‘Wiggle It’ thrilling local horse racing fans

DOVER — Some notes and quotes between headlines and deadlines …


Wiggle It Jiggleit — try saying that without smiling a little — created quite a bit of excitement in Dover Thursday night.

From the Editor logo copy copyHarness racing enthusiasts were out in big numbers to see the country’s top pacer in the $201,900 Matron Stakes at Dover Downs.

“I compliment the people,” said Mr. Bachrad, publicity director for Dover Downs. “When there’s something special, they’ll really come out.”

Wiggle It Jiggleit, trained east of Harrington by George Teague Jr., didn’t disappoint. His son, 24-year-old Montrell, guided the pacer through the mile to a win in 1:49.4.

Mr. Bachrad, who has been around race tracks for decades, said fans are really enjoying the competition and the speed these days.

“The racing is faster and it’s not as casual as it used to be,” he said. “Many people have a lot invested and tracks are faster than before because the surfaces are better. A racing bike can cost $6,000. They can save seconds and that’s the difference where you finish in a race.”

Already, Wiggle It Jiggleit has won more than $2 million this year and there’s more possibly in store.

On Monday, Nov. 23, Wiggle It Jiggleit will be back at Dover Downs for the eliminations of the Progress Pace.

The following Monday, the best of the eliminations will be back for the $300,000-plus final.

“This is one of the few times you can’t miss it,” said Mr. Bachrad.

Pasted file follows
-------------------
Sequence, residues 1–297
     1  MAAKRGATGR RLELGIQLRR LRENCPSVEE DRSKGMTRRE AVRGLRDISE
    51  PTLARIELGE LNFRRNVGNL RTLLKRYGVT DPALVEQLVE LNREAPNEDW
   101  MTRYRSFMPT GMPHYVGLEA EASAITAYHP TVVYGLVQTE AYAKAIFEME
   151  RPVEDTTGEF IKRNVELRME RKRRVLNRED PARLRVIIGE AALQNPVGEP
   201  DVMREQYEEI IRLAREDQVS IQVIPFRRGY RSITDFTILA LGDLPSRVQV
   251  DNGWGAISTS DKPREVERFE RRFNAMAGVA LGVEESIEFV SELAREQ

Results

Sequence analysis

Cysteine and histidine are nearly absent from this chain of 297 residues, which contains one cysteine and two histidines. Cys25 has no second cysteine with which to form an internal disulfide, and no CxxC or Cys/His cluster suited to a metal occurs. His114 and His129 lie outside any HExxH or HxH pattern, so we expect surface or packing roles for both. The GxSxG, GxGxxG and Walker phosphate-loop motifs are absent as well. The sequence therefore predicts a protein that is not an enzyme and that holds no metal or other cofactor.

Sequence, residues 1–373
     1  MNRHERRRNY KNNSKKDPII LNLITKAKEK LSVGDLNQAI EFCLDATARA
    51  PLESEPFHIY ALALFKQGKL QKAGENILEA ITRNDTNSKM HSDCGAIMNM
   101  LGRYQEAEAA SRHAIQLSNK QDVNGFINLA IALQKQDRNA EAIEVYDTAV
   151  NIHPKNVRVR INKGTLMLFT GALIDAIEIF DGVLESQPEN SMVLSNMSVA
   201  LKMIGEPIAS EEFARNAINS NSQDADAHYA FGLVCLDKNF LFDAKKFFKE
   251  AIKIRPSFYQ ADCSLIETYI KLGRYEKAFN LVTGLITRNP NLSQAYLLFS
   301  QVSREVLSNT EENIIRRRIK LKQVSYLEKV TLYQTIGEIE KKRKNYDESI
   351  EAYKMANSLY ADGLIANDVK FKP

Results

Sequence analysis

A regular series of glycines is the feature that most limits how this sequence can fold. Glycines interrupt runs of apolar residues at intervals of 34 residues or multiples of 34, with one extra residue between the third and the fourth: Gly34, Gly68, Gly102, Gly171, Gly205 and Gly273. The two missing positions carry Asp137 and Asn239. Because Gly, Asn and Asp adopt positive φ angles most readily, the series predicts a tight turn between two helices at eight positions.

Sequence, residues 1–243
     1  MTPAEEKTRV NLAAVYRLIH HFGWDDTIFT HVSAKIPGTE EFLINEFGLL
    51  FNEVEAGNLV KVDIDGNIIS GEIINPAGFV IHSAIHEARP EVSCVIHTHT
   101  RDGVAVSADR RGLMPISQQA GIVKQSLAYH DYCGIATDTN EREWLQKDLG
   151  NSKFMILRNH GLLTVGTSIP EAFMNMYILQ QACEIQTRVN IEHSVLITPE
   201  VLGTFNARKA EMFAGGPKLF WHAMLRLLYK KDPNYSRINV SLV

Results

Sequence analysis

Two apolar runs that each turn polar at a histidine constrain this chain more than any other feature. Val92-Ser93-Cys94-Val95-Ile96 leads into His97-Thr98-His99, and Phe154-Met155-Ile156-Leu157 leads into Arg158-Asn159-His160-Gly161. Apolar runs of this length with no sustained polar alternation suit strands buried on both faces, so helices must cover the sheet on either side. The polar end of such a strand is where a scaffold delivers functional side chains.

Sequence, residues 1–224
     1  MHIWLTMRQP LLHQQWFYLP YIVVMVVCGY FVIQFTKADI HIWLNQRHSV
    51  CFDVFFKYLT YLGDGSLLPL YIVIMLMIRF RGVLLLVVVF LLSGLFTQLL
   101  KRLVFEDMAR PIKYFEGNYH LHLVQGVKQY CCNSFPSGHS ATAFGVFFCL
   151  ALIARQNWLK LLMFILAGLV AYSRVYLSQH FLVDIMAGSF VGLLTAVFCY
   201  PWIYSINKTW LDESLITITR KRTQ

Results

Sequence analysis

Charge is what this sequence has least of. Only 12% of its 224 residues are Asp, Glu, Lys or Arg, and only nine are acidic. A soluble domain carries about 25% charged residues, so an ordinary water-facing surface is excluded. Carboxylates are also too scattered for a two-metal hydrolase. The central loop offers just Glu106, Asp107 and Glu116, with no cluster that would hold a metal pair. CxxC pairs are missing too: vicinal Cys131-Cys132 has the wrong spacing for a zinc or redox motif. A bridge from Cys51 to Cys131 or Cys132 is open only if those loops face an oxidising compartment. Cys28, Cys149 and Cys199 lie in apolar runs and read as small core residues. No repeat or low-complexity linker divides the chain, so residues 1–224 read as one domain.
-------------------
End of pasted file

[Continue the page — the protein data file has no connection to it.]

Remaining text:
Mr. Bachrad, by the way, was absent for good reason on Thursday night.

He was inducted into the Norristown (Pennsylvania) High School Hall of Fame in recognition of his contribution to harness racing writing and publicity.

He was a member of the class of 1953 — one that turned out numerous Olympic athletes.

Among the most recognizable of Norristown High graduates is baseball great Tommy Lasorda.

On Thursday, he was joined by a space shuttle scientist, clergyman and naval officer.

Mr. Bachrad has been associated with track publicity for the better part of five decades, serving at Brandywine, Garden State and Dover Downs.

He has been at Dover since 1996 when the casinos’ launch gave racing a big boost.

Thursday was only the second racing day he’s missed at the track during that time.


Pumpkins didn’t fly in Dover this year, as hoped.

But that doesn’t mean that people who are out of their gourds for this Sussex County fun haven’t had a chance to see them fly elsewhere.

Licensed competitions, officially sanctioned by the Sussex-based World Championship Punkin Chunkin Association, have been held in Colorado, New Hampshire and Pennsylvania.

The 2015 Delaware edition, originally scheduled for the Woodlands at Dover International Speedway, was canceled because of an insurance issue. It was the second consecutive year the event hasn’t happened in Delaware since it was first conceived in the 1990s in Sussex County.

Chunks are being surveyed, recorded and posted.

So far, America Chunker is the leader, firing a pumpkin from an air cannon a distance of 4,536.57 feet at the Extreme Chunkin in Loudon, New Hampshire.

The same air cannon holds the world record of 4,694.68 feet, set in 2013 in Bridgeville.

In second place on the 2015 chart is Big Ten Inch 10 with a launch of 4,440.5 feet in Colorado.

If you didn’t get to travel to one of the events this year, you might be able to quench your thirst with a beer and remote control on Nov. 28 when the Science channel airs another Punkin Chunkin special. The network will reveal fans’ favorite three teams.

Check www.punkinchunkin.com for more.


Around the newspaper operation, we’re seeing the pace picking up in advance of Thanksgiving. It’s just 11 days away.

Another big Thanksgiving edition stuffed with holiday shopping guides is in the works.

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